More Aggies than expected
University enrollment down, but not as much as officials thought
Published: Tuesday, October 15, 2013
Updated: Tuesday, October 15, 2013 17:10
USU’s enrollment numbers did not drop as much as expected after last year’s age change for missionaries for the Church of Jesus Christ of Latter-day Saints.
Official enrollment numbers were released Thursday from the Utah System of Higher Education for all eight of Utah’s public colleges and universities, and although they have shown a slight decline, the change was not as drastic as anticipated.
From fall 2012 to 2013, the headcount for USU students dropped from 28,786 to 27,812 — a total of 974 students. From that number, there are 288 fewer male students and 686 fewer female students, according to Michael Torrens, director of the Office of Analysis, Assessment and Accreditation.
However, when considering full-time students, USU had a drop of 2.04 percent, or 392 students.
One assumed reason for the drop in enrollment was the lowering of age requirements for LDS missionaries, announced in October 2012.
James Morales, vice president for Student Services, said most of the negative effects the university could have seen, such as budget cuts, were minimized by increased recruiting efforts.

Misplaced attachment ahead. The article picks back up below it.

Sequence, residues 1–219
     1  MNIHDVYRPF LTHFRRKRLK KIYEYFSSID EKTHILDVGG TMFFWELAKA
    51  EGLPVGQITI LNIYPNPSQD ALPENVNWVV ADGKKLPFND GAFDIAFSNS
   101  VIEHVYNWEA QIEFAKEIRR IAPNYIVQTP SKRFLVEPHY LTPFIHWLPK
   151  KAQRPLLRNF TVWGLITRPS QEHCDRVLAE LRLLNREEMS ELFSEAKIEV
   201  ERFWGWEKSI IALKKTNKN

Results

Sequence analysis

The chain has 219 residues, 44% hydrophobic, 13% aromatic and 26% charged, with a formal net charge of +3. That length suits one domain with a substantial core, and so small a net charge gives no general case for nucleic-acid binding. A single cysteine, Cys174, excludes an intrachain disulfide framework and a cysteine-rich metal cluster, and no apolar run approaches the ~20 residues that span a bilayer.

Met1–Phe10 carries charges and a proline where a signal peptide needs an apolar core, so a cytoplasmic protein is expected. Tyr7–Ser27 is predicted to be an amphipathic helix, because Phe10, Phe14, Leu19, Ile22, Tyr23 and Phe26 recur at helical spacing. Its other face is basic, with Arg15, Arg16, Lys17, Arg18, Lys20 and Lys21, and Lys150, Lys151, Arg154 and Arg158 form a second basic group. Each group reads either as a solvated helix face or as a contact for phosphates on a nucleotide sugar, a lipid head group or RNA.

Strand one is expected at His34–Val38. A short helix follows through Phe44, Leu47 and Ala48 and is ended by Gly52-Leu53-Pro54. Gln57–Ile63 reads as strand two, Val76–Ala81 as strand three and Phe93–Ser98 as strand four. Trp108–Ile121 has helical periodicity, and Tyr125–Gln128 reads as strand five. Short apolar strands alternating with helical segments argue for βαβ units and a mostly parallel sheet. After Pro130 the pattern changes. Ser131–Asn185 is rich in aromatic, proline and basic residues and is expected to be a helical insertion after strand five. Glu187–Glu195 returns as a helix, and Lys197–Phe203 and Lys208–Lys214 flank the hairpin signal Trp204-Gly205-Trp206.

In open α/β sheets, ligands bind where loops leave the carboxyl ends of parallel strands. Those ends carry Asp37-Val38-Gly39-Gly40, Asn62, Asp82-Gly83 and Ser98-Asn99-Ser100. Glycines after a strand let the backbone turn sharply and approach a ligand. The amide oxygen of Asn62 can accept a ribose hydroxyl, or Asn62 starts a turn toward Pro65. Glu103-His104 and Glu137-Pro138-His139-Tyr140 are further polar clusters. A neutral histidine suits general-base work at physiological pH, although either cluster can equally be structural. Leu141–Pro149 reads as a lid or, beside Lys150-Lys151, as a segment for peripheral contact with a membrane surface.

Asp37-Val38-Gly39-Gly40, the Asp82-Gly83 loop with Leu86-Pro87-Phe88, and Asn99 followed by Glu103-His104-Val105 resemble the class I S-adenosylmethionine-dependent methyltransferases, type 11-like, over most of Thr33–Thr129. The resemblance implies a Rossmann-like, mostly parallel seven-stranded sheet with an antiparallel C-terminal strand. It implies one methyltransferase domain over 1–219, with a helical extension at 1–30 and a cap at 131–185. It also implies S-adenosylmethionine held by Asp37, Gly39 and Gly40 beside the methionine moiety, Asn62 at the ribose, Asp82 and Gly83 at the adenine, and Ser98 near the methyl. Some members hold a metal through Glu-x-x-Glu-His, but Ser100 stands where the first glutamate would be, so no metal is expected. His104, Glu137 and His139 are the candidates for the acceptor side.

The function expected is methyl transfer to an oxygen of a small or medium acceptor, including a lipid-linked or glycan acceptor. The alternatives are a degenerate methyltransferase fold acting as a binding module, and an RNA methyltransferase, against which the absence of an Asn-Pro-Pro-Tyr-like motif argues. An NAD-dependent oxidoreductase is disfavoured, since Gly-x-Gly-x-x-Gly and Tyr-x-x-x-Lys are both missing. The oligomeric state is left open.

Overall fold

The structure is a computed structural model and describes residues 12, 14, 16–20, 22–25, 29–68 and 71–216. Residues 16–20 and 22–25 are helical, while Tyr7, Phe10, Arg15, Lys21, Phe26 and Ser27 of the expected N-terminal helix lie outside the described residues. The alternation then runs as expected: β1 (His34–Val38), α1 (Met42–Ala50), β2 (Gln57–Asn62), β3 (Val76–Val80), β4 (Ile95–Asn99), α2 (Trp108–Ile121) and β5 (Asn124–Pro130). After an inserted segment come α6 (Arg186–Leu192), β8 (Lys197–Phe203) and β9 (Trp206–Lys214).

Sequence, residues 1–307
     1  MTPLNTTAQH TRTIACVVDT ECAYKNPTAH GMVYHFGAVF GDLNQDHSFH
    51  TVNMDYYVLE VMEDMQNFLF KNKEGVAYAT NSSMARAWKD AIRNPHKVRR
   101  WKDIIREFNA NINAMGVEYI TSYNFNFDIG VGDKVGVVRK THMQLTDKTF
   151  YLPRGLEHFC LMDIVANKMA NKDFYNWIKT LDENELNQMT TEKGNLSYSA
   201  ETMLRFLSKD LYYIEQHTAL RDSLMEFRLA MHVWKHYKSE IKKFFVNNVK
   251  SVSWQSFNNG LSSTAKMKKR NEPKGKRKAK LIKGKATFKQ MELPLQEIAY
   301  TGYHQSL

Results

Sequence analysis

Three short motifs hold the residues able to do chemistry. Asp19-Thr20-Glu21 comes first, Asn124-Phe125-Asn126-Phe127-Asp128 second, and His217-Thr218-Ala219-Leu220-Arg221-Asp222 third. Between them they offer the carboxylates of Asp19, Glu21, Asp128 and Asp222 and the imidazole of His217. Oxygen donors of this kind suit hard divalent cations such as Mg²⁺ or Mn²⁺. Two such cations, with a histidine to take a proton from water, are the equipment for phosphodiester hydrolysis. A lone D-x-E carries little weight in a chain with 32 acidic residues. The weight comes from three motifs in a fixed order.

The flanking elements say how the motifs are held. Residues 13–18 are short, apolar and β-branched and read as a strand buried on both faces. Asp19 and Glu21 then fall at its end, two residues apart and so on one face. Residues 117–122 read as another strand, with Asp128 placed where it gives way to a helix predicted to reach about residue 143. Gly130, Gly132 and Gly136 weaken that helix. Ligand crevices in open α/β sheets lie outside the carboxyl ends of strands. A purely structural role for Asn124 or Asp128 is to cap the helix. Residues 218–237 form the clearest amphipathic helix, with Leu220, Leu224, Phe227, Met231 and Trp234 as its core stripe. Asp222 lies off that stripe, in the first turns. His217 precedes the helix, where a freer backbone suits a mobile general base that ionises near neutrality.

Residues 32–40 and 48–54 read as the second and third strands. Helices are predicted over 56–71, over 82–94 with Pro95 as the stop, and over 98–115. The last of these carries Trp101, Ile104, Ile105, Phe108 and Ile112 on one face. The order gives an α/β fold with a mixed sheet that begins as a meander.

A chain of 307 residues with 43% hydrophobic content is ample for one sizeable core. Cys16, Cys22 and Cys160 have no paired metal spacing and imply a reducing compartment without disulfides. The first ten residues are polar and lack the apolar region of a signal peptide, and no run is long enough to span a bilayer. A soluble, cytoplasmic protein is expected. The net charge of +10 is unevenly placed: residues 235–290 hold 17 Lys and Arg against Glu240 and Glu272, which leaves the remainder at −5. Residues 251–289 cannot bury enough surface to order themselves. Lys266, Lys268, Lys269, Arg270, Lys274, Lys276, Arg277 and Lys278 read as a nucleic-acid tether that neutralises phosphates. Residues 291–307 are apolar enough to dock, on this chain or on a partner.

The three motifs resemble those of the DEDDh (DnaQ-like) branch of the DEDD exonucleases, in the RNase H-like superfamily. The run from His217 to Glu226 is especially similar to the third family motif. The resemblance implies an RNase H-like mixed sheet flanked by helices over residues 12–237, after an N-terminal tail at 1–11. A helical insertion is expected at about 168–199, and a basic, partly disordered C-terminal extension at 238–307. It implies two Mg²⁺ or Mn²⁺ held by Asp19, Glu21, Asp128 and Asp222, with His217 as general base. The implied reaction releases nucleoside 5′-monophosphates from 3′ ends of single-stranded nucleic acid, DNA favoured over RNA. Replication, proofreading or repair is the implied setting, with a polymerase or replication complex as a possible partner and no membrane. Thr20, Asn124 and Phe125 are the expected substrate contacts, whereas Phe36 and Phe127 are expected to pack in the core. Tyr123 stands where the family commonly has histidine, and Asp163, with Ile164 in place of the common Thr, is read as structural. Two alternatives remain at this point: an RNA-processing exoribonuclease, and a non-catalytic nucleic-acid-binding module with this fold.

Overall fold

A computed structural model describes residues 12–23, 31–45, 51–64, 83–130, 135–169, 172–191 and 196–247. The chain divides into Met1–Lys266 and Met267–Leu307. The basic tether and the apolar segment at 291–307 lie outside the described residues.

“Nobody knew that announcement was coming,” said John Mortensen, assistant vice president for Enrollment Services and Retention. “As soon as we knew about it, we were really proactive. I think we were probably faster than anyone in our response. I don’t think our admissions office gets enough credit in minimizing the effect of it as much as they should.”
Corey Mikkelsen, associate director of recruitment, said the announcement made increased the necessity to focus on transfer and out-of-state recruiting. He said when the Utah Legislature approved a waiver for out-of-state tuition fees, it helped give nonresident students more motivation to consider USU.
“Before the waiver, it was kind of like going out and recruiting without ammunition,” Mikkelsen said. “We did a lot of the same things we always do. We just magnified it. We had open houses in spring instead of just fall. We gave scholarships on the spot to those who qualified.”
The nonresident waiver allows students from out-of-state with a certain academic standing to go to school for their first year while paying the price of in-state tuition. They are expected to attain residency in that year to continue to pay resident tuition.
The legacy waiver was already in place to some extent, allowing children of USU alumni to go to school and pay in-state tuition, but the state has extended that scholarship to grandchildren of USU graduates as well.
“More than one faculty member has told me that it is much more diverse,” Morales said. “There are students from different backgrounds, which leads to a broad array of perspectives when it comes to the classroom.”